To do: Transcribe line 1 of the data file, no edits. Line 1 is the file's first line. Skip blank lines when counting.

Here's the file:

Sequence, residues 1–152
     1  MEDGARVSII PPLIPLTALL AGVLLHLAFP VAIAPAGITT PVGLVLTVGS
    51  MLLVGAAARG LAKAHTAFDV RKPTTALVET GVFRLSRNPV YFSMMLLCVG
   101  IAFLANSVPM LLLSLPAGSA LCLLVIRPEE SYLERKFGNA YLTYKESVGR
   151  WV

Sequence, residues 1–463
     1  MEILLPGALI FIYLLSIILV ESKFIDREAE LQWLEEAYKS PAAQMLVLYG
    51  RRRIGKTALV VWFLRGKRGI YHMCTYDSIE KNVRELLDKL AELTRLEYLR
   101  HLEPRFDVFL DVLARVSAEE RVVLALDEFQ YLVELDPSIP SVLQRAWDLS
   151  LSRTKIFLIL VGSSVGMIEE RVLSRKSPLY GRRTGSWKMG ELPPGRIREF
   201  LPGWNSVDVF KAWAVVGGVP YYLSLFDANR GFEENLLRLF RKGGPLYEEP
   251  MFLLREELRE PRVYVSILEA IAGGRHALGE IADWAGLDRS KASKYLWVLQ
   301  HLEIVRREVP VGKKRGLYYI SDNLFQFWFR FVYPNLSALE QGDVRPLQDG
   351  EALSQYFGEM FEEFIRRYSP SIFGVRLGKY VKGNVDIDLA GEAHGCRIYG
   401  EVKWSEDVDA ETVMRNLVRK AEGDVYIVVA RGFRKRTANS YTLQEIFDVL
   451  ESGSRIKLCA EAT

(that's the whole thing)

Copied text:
Sequence, residues 1–152